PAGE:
Why is the mob important in Shakespeare's Julius Caesar?
In planning to write his playJulius Caesar,Shakespeare must have realized that he would need to hire a number of extras to represent the Roman mob, because the funeral oration by Antony and the resulting mutiny were essential. Since he had all these extra men on hand throughout each performance, he may have decided to get some additional use out of them. They serve in the opening scene mainly to illustrate the fact that Julius Caesar is growing in popularity with the masses and represents a threat to the liberties of the upper classes. Shakespeare only provides one important speaking part for the commoners in this scene, and no doubt he used a regular member of his company who specialized in comical parts to play the Cobbler. The exchanges between Murellus and this Cobbler evoke laughter, but they also provide a great deal of information for the audience. Murellus expresses the gathering opposition to Caesar's rise to dictatorial power, a reaction which will ultimately result in Caesar's assassination and everything else that happens in the play. This is summed up in beautiful Shakespearean lines at the very end of the short scene, when Flavius tells Murellus:
Disrobe the images
If you do find them decked with ceremonies.
. . . . . . . . . . . . . . . . . . . . . . . . . . . . . . . .
These growing feathers plucked from Caesar's wing
Will make him fly an ordinary pitch,
Who else would soar above the view of men
And keep us all in servile fearfulness.
(A short while later, Brutus and Cassius will hear unsettling news from Casca):
I could tell you more news, too. Murellus and Flavius, for pulling scarves off Caesar's images, are put to silence. (Act 1, Scene 2)
Then the mob is used in the famous scene in which Mark Antony's funeral oration turns the tables on Brutus, Cassius and all the other assassins by creating a spectacular mutiny that forces them all to flee the city. This was Shakespeare's main purpose for employing a number of extras to represent a Roman mob. (Act 3, Scene 2)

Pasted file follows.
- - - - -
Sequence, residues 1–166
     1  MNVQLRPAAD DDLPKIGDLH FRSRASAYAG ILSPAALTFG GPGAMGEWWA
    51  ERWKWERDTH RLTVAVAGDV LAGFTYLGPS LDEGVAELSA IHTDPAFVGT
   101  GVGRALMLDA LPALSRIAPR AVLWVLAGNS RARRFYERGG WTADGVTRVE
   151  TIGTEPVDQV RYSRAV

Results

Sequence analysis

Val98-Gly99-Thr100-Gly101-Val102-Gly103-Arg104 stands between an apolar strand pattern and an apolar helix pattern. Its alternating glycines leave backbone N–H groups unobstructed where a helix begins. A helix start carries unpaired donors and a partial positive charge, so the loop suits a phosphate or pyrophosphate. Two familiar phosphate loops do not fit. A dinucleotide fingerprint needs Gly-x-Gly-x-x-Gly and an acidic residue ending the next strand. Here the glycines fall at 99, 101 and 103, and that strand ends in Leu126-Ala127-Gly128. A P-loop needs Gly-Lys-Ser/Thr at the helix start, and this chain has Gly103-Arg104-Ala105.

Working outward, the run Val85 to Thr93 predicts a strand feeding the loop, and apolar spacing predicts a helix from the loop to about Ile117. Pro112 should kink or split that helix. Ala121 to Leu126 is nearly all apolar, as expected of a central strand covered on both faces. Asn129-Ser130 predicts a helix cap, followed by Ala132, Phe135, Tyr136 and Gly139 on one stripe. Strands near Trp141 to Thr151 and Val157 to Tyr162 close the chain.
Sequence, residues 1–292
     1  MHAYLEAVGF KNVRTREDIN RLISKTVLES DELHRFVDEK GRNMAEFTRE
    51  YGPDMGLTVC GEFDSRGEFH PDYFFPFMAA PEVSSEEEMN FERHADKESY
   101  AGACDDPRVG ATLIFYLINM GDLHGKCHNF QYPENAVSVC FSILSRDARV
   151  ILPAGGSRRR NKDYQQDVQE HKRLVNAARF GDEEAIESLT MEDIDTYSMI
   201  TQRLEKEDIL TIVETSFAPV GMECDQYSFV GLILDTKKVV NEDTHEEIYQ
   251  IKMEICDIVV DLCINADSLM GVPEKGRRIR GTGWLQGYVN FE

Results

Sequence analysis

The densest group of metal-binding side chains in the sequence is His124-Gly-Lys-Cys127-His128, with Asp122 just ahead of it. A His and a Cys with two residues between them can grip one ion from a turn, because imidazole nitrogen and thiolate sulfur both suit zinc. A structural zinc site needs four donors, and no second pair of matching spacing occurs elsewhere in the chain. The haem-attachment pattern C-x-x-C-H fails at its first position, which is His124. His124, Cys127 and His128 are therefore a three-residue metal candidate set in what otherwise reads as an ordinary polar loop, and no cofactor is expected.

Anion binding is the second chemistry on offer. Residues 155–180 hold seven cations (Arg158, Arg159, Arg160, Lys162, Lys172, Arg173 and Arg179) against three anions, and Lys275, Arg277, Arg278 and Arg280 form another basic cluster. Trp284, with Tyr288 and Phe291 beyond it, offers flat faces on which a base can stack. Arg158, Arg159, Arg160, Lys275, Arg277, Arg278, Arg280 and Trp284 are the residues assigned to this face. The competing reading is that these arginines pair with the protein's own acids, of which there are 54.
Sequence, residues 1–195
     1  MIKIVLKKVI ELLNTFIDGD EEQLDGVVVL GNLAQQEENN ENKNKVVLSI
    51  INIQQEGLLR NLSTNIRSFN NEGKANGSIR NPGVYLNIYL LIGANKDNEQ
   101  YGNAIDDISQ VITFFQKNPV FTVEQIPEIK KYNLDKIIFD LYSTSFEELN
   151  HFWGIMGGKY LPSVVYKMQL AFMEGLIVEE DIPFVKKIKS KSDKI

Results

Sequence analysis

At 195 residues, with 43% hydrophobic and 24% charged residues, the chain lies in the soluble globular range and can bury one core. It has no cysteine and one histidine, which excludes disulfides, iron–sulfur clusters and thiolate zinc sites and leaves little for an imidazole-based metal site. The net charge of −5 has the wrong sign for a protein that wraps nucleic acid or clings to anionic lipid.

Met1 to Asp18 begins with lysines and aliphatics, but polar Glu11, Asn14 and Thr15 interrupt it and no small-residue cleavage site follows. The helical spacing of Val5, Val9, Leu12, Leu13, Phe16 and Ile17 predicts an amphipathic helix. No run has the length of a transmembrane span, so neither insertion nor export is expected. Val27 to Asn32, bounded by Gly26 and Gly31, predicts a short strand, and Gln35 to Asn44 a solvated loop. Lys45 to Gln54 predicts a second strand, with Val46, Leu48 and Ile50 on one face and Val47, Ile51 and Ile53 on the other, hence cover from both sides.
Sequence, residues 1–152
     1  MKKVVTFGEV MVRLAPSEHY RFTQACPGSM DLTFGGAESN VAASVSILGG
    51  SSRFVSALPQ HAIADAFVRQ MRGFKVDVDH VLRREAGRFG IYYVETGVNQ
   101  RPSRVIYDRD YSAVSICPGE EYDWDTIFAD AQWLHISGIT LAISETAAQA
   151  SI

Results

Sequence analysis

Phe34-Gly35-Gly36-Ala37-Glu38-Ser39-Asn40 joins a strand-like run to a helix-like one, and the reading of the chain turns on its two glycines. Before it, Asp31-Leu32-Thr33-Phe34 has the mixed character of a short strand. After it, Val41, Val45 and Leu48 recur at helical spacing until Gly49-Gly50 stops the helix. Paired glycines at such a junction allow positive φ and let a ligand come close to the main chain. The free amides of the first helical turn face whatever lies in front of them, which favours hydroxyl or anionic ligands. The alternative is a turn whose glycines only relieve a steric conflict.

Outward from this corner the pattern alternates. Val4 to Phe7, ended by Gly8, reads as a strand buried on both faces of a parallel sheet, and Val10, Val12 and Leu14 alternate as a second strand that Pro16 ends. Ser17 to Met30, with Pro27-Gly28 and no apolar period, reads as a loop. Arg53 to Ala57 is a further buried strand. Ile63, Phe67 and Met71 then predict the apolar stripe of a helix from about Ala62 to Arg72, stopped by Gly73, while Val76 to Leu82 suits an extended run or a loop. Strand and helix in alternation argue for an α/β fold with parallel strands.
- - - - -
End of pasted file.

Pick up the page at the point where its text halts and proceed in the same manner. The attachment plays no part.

Finally, Shakespeare inserted a somewhat gratuitous scene in which the mob, undoubtedly composed of the same group of men, encounters Cinna the poet and tears him to pieces only because the poor man happens to have the same name as one of the conspirators (Act 3, Scene 3). Shakespeare gets some extra work out of the extras by this means and strengthens the illusion that the mutiny triggered by Mark Antony's inflammatory speech is continuing and spreading throughout the city.
The mob plays an important role in the play. In the introductory scene we see that there is a political unrest amongst the citizens giving us a feel of the scenario. After the assassination of Caeser, Brutus addresses the mob justifying his actions, thus making him the noble leader of the roman citizens. later mark anthony cunningly leads the fickle-minded mob into a rebel, thus making "the honorable man" into a "traitor". its the mobs behaviour that controls the flow of events.
Firstly the roman mob in the play is fickle minded , they are shifty in character , they could get easily swayed ; this negativity of roman mob was used by mark antony to avenge caesar's death
P.S. This answer of mine points towards the roman mob in the play and no offence to the real world romans
The "mob" is important in the play for the same reason they are important in the history of Rome: The Mob IS Rome.
Gaius Julius Caesar understood this well. He was a popularies, and like the Gracchi before him, he sought to aid the people in return for which the people supported him. Antony, though physically courageous, was not a brilliant leader like Caesar, however he was savvy enough in the politics of the street to understand the power of the 'Mob' and to use their love of Caesar to his own benefit.
For an intriguing examination of Julius Caesar, his assassination, and the power of 'The Mob" see: The Assassination Of Julius Caesar - A People's History Of Ancient Rome by Michael Parenti (c2003)
*Please Note: The video clip from the HBO Rome series is Rated "R" for language and violence. Although fiction, the clip does convey effectively how Antony out manuvered the conspirators.